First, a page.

NASA’s New Horizons mission to Pluto to illuminate mysterious reaches of solar system

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January 19, 2015

NASA’s New Horizons spacecraft is whizzing to the outer reaches of our solar system, where it will perform the first close-up flyby of Pluto.

January 19, 2015

NASA’s New Horizons spacecraft is whizzing to the outer reaches of our solar system, where it will perform the first close-up flyby of Pluto.

An undated artist's concept made available by NASA and the Johns Hopkins University Applied Physics Laboratory/Southwest Research Institute (JHUAPL/SwRI) on December 8, 2014 shows the New Horizons spacecraft as it approaches Pluto and its three moons in summer 2015.

The piano-size probe took off from Earth in January 2006. It is on track to soar close to the dwarf planet and within the orbit of its five known moons on July 14 — after 3 billion miles.

“It’s an incredibly exhilarating and humbling experience to think this is civilization’s first step to see the Kuiper belt. It’s not going to happen, I think, in my lifetime again,” Hal Weaver, a New Horizons project scientist, said in an interview with Yahoo News.

Weaver, who works at the Johns Hopkins University Applied Physics Laboratory in Laurel, Md., says that a relatively small team of scientists has been working on the project at any given time. Right now, there are about 10, but that number will approach 50 as the probe reaches Pluto.

The groundbreaking journey could shed light on the Kuiper belt, a region of the solar system that we do not know much about.

For Earthlings, the reconnaissance mission is expected to transform this little pixelated blob into a vibrant world full of complexity and diversity, with new information vastly superior to what we now have.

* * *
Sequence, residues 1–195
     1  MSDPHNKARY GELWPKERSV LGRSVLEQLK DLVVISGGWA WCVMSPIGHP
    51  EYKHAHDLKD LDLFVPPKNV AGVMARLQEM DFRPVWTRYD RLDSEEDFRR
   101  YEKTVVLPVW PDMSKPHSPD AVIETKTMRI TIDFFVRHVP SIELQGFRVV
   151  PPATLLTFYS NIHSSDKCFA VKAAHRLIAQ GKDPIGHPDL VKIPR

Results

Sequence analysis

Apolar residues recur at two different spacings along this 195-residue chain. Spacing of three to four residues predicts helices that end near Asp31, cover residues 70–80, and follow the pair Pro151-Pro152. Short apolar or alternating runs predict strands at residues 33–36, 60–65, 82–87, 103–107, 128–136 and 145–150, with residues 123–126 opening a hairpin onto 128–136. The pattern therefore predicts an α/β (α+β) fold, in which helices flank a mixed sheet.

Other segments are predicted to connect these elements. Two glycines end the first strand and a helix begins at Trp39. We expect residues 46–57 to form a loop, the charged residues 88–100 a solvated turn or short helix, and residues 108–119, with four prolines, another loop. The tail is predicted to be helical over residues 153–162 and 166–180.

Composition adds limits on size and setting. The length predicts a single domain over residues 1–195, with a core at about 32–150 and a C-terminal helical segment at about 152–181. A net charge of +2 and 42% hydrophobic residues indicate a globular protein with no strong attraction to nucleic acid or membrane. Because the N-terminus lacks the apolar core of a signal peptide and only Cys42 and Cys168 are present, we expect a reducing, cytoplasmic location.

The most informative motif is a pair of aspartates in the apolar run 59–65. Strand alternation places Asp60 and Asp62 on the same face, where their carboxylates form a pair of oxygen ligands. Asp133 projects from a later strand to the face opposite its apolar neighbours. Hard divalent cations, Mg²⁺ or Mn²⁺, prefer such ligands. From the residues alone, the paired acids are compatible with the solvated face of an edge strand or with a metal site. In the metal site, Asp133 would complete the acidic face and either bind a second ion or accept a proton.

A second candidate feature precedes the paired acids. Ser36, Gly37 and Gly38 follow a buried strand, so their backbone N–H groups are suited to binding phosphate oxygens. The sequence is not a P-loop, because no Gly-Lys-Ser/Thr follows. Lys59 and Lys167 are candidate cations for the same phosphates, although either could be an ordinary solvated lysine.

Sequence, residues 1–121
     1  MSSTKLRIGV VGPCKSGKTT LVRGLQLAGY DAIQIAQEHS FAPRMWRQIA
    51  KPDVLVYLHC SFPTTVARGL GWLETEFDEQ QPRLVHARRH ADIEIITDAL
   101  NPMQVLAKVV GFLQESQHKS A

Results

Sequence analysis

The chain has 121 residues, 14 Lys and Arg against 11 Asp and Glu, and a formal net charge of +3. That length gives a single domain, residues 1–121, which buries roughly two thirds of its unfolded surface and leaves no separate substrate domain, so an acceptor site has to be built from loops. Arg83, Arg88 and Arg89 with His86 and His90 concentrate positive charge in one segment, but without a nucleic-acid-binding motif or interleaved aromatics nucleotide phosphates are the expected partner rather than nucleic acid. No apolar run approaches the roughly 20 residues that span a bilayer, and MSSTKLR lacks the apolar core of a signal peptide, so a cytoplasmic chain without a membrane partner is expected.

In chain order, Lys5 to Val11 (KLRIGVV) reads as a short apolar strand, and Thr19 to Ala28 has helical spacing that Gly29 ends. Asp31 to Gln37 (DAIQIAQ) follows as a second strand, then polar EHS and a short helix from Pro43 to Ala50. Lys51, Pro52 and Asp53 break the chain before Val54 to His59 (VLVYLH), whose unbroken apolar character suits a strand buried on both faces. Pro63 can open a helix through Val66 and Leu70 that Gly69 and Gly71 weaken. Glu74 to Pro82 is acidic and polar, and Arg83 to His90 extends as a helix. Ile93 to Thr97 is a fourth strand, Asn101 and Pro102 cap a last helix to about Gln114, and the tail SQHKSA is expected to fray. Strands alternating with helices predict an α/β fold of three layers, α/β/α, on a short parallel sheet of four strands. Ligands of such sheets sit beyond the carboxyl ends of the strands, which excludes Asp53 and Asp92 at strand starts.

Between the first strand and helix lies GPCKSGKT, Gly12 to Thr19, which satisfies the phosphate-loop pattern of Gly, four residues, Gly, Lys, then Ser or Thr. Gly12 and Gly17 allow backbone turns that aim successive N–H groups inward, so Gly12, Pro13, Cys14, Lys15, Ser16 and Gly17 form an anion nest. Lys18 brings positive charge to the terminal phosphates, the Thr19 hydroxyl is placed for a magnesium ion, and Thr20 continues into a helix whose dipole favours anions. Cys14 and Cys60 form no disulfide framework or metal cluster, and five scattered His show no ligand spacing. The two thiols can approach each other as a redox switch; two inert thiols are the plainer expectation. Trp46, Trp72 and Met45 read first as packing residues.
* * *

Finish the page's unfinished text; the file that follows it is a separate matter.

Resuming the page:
“When future civilizations look back at the landmark things that happened, they will, if all goes well, see this as our first foray into this new zone that we didn’t even know existed until 1992,” Weaver said.

New Horizons, the fastest spacecraft ever launched, awoke from hibernation last month and will snap long-range photos of the Pluto system using the telescopic Long-Range Reconnaissance Imager (LORRI).

Over the next few months, the spacecraft will beam hundreds of ever-improving images back to mission scientists. The images will help chart the course for the remaining 135 million miles.

“This is a mission of delayed gratification, but the gratification is about to come,” Weaver said, laughing.

Excitement surrounding the mission is rippling through the scientific community.

Denton Ebel, a geologist specializing in meteorites at the American Museum of Natural History in New York, said there is so much about the Kuiper belt that we just don’t know because of the distance — 4.67 billion miles from Earth.

“What are the moons made of? Are they big ice balls? Are any rocky? We just don’t know. What these bodies are made out of is the most interesting part of what we are going to learn,” Ebel said in an interview with Yahoo News.

The extraterrestrial rock expert pointed out that we were not even aware of all of Pluto’s currently known moons when New Horizons launched.

Now we are on the cusp of a quantum leap forward in our understanding of the Kuiper belt, which could, in turn, shed tremendous light on the formation of our solar system 4.6 billion years ago.

“We live in exciting times,” Ebel said.


Courtesy: Yahoo News